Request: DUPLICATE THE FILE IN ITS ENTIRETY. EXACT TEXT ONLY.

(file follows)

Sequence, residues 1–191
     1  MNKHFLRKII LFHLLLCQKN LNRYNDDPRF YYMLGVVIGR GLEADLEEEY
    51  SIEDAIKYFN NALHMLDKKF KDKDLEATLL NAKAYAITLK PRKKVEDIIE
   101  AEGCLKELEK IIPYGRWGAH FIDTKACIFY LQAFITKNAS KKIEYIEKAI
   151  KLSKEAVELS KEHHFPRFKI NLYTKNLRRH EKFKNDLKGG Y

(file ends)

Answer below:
Sequence, residues 1–191
     1  MNKHFLRKII LFHLLLCQKN LNRYNDDPRF YYMLGVVIGR GLEADLEEEY
    51  SIEDAIKYFN NALHMLDKKF KDKDLEATLL NAKAYAITLK PRKKVEDIIE
   101  AEGCLKELEK IIPYGRWGAH FIDTKACIFY LQAFITKNAS KKIEYIEKAI
   151  KLSKEAVELS KEHHFPRFKI NLYTKNLRRH EKFKNDLKGG Y